The Graduate of the Last Decade (GOLD) Award recognizes the accomplishments of an alumna or alumnus of the UW Department of Architecture within ten years of their graduation. The recipients of this award show great promise for expanding the impact of the profession of architecture through creative forms of practice and civic engagement.
This third cycle of the alumni awards is being conducted under the theme of “an architecture for the public good.” Our hope is that this will encourage nomination of graduates who have been active in proposing and executing projects, and pursuing models of practice, that establish a strong connection between architecture and the broader public.
Nominations will close on Monday, 6 February 2023 @ 6:00 pm PST
Jack Travis established his namesake design studio in June 1985. To date the firm has completed projects for clients such as film director Spike Lee, actor Wesley Snipes, John Saunders of ABC sports and fashion retailer Giorgio Armani. Currently Travis is working on the flagship exhibition for the Museum of Black Civilization in Dakar, Senegal. Jack Travis encourages investigation into Black history and culture where appropriate in his work, and includes forms, motifs, materials and colors that reflect this heritage.
Please join us for a reception and lecture from architect and designed Jack Travis this Friday, December 2nd. The reception will take place 5PM-6PM in Gould Court followed by the lecture in Gould 332 from 6PM-8PM. Please RSVP here.
Governor Jay Inslee and his wife Trudi paid a surprise visit to the UW Rome Center on Tuesday, November 8th during a layover in Italy on their way to the Climate Change Conference in Sharm El-Sheikh, Egypt. He met with faculty and students in our Architecture in Rome studio program, and engaged them in a lively conversation about the important role that architects will play in helping to reduce carbon emissions and mitigate the effects of climate change in the future.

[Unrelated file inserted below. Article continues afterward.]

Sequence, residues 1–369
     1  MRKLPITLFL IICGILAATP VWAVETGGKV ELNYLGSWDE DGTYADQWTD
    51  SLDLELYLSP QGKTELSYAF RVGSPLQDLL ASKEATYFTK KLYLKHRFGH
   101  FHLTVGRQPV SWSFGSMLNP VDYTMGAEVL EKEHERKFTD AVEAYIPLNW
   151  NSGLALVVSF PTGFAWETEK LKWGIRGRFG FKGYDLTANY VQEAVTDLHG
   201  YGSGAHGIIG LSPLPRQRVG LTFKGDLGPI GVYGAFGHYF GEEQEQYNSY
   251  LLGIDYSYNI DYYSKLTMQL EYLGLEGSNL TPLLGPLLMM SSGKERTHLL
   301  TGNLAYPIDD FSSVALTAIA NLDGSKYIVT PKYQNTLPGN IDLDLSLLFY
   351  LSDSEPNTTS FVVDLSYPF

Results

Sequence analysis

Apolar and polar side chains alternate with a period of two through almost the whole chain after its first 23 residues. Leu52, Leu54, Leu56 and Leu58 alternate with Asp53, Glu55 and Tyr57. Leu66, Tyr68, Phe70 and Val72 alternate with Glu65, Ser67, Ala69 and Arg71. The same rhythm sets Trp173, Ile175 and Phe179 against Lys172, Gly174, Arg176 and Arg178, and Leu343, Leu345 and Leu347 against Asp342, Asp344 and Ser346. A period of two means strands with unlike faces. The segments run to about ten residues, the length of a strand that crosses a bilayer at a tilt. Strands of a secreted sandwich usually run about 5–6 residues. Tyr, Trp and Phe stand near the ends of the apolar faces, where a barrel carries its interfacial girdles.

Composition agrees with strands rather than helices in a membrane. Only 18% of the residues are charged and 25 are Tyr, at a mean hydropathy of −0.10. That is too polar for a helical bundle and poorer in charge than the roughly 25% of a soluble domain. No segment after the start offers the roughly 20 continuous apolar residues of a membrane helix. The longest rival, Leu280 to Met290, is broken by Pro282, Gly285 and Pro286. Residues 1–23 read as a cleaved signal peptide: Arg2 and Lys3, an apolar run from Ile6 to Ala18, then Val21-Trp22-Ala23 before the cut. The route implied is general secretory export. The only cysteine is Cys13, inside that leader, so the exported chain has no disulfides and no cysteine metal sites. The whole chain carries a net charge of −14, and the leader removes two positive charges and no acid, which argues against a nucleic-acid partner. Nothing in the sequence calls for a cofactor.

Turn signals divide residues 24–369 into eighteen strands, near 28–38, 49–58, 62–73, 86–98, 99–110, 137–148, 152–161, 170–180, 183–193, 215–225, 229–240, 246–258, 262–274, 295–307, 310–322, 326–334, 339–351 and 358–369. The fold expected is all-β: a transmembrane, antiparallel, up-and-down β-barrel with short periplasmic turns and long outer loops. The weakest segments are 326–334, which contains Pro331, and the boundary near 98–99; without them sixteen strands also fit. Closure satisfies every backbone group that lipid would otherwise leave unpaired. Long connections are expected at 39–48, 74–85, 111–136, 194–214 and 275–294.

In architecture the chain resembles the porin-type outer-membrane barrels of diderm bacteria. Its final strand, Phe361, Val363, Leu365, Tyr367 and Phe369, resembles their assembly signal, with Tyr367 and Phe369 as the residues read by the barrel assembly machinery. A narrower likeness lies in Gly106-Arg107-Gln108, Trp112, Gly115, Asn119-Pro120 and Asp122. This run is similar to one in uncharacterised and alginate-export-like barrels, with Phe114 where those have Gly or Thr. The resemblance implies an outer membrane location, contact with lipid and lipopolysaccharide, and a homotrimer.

Associate professor Tyler Sprague and senior architecture student Sierra Miles discuss the Benjamin McAdoo Research Collective, which seeks to share and cultivate appreciation for the work of Benjamin F. McAdoo, the first registered Black architect in Washington. | Seattle Times
The UW Department of Architecture is pleased to announce that Master of Architecture student, Daquan Proctor, was awarded the WRNS Studio Foundation Scholarship in January 2022.
The WRNS Studio Foundation scholarship and advisory program seeks to cultivate a thriving higher education scholarship program that will encourage more Black students to pursue careers in Architecture, by providing multi-year educational financial support and enhanced access to enduring professional relationships. Recipients will be assigned an advisor from WRNS Studio for the duration of the awarded scholarship term to help establish contacts and build relationships within the field.
Architecture Chair and Professor Kate Simonenwas asked by Governor Inslee to host a substantive discussion as he continues to develop policies and charge working groups to achieve better carbon futures. In Gould Hall on December 6, Governor Jay Inslee met with approximately twenty building professionals, think tank leaders, and researchers. Professor Simonen framed the discussion on how we can achieve lower carbon in construction, including with building materials from lower emissions manufacturing. The Governor also toured the campus with President Cauce. Following the meeting, he expressed that he is “thankful for this group of collaborative and intelligent minds to continue the fight against climate change.”
Prof. Simonen is the director of the Carbon Leadership Forum, whose goal is to eliminate embodied carbon in buildings and infrastructure by inspiring innovation and spurring change through collective action.
“There’s a tremendous economic opportunity for Washington to be a leader in supplying low–carbon materials,” noted one of the stakeholders in attendance. “It’d be great to bring in workers and manufacturers that can put a face on and speak to that opportunity.”